The QMEE CDT Project proposal database

Welcome to the QMEE CDT Project proposal database. This is a live list of projects proposals put forward by PIs across the CDT partner institutions

PIs/Supervisors will continue to add projects to this list over the next few months, so do keep checking back! You can search the projects using the box below: simply enter some text and press Search to do a text search across all the database fields. If you want to search more finely, the search tool also allows you to search on particular details of the project descriptions: you will see these finer search options appear if you click on the search box.

Click on the view button next to a project to get the full proposal description. If you want to download project details, either for all projects, or for a subset you have searched for, then click on the 'Download details' button.

To find a particular PI's email or look up other PI details, use the menu at the top of this page (PIs tab).

Fitness consequences of IGEs on parental investment
The knowledge of how interactions among conspecifics feedback into individual behaviour is crucial to understanding how phenotypic and genotypic variance is maintained, to understand how selection can act, and how behaviours evolve. Interacting individuals can influence each other’s phenotypes and even fitness where the variation of an interacting phenotype in a population depends on the social environment – through indirect genetic effects (IGEs). This concept is similar to the idea of an extended phenotype, where social interactions rather than abiotic factors influence phenotypes. We recently found in a wild bird population, that parental care is partly determined by the genetics of the social partner. This is especially interesting in a trait with mutual consequences for the interacting partners, since not only will an individual pass on its genes to its offspring, but the genes of the mating partner will also be passed on to the offspring. IGEs in social traits between mating partners may therefore be responsible for the maintenance of genetic variance in traits that affect their mutual fitness. This might be one reason for why we fail to find a clear response to selection in wild populations. This PhD will test recent hypotheses on IGEs in the context of fitness to fully understand how parental care can evolve. We have evidence for heritable variation in fitness in the same population, therefore, some of the recently developed theory will be testable in this study system, as a first, in a wild system. Moore, A., Brodie, E. & Wolf, J. Interacting phenotypes and the evolutionary process. 1. Direct and indirect genetic effects of social interactions. Evolution 51, 1352–1362 (1997). Schroeder J, Dugdale H, Nakagawa S, Sparks A, Burke T. Sex specific social genetic effects contribute to the total heritable variance in parental care. EcoEvoRxiv doi: 10.32942/osf.io/nh8m2 Schroeder J, Burke T, Dawson DA, Mannarelli ME, Nakagawa S (2012) Maternal effects and the heritability of annual productivity. J. Evol. Biol. 25, 149–156. Wolf, J., Brodie, E., III, Cheverud, J. & Moore, A. Evolutionary consequences of indirect genetic effects. Trends Ecol. Evol. 13, 64–69 (1998).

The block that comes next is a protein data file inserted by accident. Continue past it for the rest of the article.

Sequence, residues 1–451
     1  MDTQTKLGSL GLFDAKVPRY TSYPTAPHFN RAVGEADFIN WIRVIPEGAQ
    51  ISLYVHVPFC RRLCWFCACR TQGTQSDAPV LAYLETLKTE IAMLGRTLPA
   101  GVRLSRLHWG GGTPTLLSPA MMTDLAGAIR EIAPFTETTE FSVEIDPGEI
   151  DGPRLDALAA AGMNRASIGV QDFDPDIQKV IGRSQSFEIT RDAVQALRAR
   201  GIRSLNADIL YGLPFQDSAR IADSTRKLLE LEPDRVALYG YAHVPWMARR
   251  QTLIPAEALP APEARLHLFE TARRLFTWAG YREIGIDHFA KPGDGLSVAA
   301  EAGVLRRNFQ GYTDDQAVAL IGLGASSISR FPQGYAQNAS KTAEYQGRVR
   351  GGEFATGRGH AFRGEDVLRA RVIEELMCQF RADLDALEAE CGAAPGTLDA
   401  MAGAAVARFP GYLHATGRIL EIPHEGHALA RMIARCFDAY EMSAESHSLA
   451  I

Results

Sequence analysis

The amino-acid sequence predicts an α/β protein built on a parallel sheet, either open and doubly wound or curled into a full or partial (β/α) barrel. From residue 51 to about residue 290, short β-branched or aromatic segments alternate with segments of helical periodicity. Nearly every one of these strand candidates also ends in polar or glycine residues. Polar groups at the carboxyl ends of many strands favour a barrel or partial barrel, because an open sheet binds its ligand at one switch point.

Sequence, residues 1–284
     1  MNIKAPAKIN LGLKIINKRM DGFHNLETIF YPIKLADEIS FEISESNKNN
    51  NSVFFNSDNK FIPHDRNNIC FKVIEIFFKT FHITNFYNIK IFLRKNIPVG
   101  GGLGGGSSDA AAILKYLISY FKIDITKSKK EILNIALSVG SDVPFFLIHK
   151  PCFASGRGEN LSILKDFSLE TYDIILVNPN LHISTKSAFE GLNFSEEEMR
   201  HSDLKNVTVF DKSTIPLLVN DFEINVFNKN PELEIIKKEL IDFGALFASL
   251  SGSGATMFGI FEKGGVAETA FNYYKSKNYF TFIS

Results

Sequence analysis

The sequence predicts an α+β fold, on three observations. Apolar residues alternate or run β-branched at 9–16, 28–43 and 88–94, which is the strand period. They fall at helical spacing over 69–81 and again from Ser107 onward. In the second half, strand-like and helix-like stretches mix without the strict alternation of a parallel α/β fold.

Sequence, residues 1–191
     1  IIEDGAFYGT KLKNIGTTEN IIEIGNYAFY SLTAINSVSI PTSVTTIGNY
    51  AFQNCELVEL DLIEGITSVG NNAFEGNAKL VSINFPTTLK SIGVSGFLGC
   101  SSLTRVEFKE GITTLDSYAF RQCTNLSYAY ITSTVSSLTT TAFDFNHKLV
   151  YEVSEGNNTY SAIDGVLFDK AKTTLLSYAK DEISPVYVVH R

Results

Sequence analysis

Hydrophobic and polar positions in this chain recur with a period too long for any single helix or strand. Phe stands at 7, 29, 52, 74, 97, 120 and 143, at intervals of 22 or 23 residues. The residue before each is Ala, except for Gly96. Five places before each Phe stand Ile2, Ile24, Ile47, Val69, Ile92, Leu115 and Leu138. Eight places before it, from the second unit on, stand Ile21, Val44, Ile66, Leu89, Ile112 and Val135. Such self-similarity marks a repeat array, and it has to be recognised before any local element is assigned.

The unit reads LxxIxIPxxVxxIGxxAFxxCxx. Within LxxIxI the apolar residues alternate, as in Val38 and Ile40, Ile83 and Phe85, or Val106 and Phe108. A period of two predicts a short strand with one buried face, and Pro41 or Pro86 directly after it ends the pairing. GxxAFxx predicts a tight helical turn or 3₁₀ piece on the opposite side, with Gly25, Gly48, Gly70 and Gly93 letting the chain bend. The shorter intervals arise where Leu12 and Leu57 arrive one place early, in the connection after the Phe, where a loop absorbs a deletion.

Julia Schroeder
Jinliang Wang
Prof Terry Burke, University of Sheffield, t.a.burke@sheffield.ac.uk
Development of mathematical theory, Computing, Quantitative data analysis, Evolutionary observations / data collection
Julia Schroeder
- Advanced statistics (variance/covariance analysis) - Computer programming - Theory of fitness, some theory development - Managing large dataset Both supervisors are responsible for quantitative aspects - Schroeder for statistical modelling, Wang for theory
This project will be part of the development of new theories about evolution when indirect genetic effects take place. We know that IGEs can majorly affect evolutionary trajectories but we have very few empirical data to support this. Novel theories of how such IGEs can affect fitness are currently being developed.
- Theory of fitness - Quantitative genetics
- For agricultural breeding - Big data
- This project has the potential to be transformative to the field, as its accounting for IGEs will uncover a wealth of quantitative genetic architecture and explain missing heritability that may otherwise remain undetected. IGEs thus may contribute to the maintenance of variance and evolution of life-history traits.
This project is multidisciplinary as it crosses evolutionary theory, statistics and basic ecology. Students will learn excellent data analysis skills, and evolutionary theory. Students will tackle theory using both, analytical and simulation approaches., thus computing is also relevant. Students will also learn to model and analyse big data.
Population genetics and evolution, Ecological/Evolutionary tools, technology & methods
- Quantitative genetic analyses (stats) - Mathematical analysis and theory development - Computer programming
Silwood, ZSL
Yes
2019-05-17 11:10:32